Meazel Tactics

Meazels are, to put it simply, kidnappers. Misanthropic humanoids warped by toxic levels of exposure to the Shadowfell, they skulk through the shadows, throttle their victims with cords, and teleport away with them to some godsforsaken locale where they can murder them free from interference.

With low Strength and low Constitution but very high Dexterity, meazels are not in any way suited to attrition fighting; they want to grab their victims and go. Their high Intelligence and above-average Wisdom mark them as crafty judges of whom they need to jump first. They have proficiency in Perception and Stealth, the classic ambush predator combination, and should always begin combat hidden. Their 120 feet of darkvision suits them to subterranean as well as nocturnal existence.

The core of the meazel’s strategy is the Garrote/Shadow Teleport combination. Meazels have two attack actions, Garrote and Shortsword, which do the same damage on average; however, Shortsword is a straightforward melee weapon attack that just happens to deal some bonus necrotic damage as a rider. Garrote, on the other hand, grapples on a hit and enables the meazel, on a subsequent turn, to Shadow Teleport away along with the grappled victim! For low- to mid-level player characters, this combination is potentially nasty, because the range of Shadow Teleport—500 feet—means the victim of the meazel’s maneuver is cut off from allies who might be able to help them. They’re on their own, possibly still with a strangling cord around their neck. Continue reading Meazel Tactics

Trapper and Girallon Tactics

These two monsters have nothing to do with each other except that (a) they’re the last two monsters from Volo’s Guide to Monsters that I planned to look at and hadn’t yet, and (b) neither one is all that interesting. Although, to my surprise, the one I thought would be more interesting turned out not to be interesting at all, while the one I thought would be less interesting turned out to be a little more so. Continue reading Trapper and Girallon Tactics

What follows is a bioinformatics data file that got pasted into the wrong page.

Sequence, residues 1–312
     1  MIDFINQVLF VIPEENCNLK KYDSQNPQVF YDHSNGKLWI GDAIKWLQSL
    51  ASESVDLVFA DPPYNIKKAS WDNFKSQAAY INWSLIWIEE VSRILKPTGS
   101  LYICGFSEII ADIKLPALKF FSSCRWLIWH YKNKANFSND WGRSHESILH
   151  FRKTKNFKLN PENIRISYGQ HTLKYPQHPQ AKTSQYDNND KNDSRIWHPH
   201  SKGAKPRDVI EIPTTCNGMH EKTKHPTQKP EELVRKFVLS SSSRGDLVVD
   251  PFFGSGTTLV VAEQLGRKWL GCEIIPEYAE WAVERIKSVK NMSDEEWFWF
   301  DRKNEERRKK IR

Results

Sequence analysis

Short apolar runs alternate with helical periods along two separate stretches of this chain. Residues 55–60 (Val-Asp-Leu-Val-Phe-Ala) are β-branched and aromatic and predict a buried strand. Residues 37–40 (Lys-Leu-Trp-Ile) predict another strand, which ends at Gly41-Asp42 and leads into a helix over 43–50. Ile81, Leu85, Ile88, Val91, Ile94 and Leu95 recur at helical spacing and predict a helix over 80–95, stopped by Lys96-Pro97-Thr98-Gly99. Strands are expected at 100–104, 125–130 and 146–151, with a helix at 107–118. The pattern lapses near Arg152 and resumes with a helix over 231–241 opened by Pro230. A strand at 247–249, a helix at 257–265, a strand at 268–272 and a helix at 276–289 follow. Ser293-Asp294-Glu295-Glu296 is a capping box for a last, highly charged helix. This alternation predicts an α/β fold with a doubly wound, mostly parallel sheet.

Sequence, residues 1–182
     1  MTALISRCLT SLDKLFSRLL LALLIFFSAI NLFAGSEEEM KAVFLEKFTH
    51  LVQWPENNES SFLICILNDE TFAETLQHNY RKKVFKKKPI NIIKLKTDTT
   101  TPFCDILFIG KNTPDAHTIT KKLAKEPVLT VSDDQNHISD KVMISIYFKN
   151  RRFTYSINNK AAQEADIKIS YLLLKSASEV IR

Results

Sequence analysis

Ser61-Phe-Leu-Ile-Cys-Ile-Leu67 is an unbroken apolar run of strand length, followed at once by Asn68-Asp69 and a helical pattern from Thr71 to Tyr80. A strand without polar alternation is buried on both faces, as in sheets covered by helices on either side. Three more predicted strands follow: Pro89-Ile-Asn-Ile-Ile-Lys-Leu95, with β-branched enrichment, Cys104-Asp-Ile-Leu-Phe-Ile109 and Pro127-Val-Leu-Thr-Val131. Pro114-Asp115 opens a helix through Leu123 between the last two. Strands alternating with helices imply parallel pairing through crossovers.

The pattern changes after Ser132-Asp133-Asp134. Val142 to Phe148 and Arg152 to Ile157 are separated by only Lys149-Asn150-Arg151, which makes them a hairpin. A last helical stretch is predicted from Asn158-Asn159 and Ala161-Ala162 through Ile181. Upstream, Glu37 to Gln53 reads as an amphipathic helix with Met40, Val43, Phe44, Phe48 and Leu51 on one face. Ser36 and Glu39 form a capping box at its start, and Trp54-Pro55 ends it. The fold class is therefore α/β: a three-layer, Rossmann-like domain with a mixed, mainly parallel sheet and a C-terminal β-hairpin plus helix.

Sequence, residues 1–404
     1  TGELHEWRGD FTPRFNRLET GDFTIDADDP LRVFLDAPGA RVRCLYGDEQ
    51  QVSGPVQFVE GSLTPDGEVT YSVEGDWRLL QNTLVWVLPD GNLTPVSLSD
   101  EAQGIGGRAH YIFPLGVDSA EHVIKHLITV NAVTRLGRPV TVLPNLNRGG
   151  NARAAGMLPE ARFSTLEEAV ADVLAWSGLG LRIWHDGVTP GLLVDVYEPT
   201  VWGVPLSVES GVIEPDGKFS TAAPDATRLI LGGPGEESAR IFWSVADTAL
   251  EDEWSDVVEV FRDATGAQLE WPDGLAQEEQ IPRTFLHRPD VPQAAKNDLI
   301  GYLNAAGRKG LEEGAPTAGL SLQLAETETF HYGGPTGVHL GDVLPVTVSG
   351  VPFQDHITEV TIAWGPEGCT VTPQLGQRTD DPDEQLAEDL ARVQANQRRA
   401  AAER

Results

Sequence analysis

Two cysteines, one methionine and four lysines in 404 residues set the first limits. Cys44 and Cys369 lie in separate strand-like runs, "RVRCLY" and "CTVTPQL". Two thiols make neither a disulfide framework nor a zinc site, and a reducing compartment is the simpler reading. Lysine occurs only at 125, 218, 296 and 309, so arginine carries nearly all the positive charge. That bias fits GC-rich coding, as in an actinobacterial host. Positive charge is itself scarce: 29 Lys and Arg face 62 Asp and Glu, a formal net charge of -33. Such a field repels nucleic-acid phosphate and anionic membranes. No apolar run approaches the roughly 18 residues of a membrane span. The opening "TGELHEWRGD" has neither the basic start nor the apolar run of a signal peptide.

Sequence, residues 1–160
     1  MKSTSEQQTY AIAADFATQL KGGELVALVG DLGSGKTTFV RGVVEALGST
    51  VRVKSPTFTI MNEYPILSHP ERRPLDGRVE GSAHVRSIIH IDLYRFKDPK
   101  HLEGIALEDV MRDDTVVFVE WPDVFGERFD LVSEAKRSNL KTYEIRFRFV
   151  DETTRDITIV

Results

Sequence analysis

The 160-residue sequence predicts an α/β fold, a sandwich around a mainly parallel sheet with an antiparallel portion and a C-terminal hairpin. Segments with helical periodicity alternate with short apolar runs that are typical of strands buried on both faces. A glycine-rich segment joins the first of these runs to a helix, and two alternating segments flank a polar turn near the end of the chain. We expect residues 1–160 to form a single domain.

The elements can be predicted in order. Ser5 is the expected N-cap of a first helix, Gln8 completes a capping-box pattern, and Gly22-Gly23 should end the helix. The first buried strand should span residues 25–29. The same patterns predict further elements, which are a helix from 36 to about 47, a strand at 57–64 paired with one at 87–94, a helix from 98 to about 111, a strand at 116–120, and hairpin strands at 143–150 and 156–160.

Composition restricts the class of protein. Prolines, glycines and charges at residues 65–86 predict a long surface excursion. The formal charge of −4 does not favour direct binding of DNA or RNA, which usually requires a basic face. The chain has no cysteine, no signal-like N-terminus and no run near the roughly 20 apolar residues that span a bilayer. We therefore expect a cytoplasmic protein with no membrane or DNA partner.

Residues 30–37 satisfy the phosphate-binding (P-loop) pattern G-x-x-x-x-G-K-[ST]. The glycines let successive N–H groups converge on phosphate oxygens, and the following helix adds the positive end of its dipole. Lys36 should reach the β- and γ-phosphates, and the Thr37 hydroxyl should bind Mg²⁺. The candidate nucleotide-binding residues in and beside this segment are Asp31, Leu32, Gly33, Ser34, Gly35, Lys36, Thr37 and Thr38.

Cave Fisher Tactics

You see a name like “cave fisher,” and it doesn’t register with you at first, and as you study the stat block, you come to realize that the name is almost a perfectly literal description of what the creature that bears that name does: It sits in lightless caves, casts a line, waits for a meal to come to it, then reels it in.

A relative, perhaps, of the giant spider, the cave fisher is a human-size, wall-crawling arachnid with crablike claws. A solitary predator, with double proficiency in Stealth, the cave fisher is pretty dumb and inflexible, but it has one good trick up its sleeve: an extremely strong, extremely sticky filament that it can use to yank victims toward it from as much as 60 feet away. Coincidentally, I’m sure, 60 feet is the most common radius of darkvision, which means that if the cave fisher positions itself just right, it can lie in wait just beyond the ability of any prey, even prey with darkvision, to spot it. Even if it must lurk closer, expertise in Stealth plus disadvantage on targets’ Perception checks is a strong combo.

On top of that, it has Spider Climb, which allows it to move freely along walls and even across ceilings. This allows it to pull the dirtiest of tricks: hiding on the ceiling, then yanking its prey up to it, where if said prey manages to wriggle free of the cave fisher’s sticky strand, it has nowhere to go but straight down. Continue reading Cave Fisher Tactics

Tlincalli Tactics

The tlincalli (the name appears to be completely invented, not based in myth, but it looks Nahuatl to me, so I’m going to pronounce it tlhin-ky-yeenope! That’s a Spanish pronunciation. As reader Victor R. points out, in Nahuatl, each l is pronounced as a separate l, so it’s tlhin-KAHL-lee) is a centaur-like monstrosity with a humanoid torso topping a scorpioid body. Based on the illustration in Volo’s Guide to Monsters, its face is pretty awful as well, although details are hard to make out.

With very high Strength and Constitution and merely above-average Dexterity, tlincallis are brutes, unafraid of direct melee confrontation. Their Intelligence is below humanoid average, though not animal-level, while their Wisdom is above average, allowing them to pick out promising prey—the old, the young, the weak, the isolated and the oblivious—as well as to realize when a particularly dangerous opponent needs to be taken out.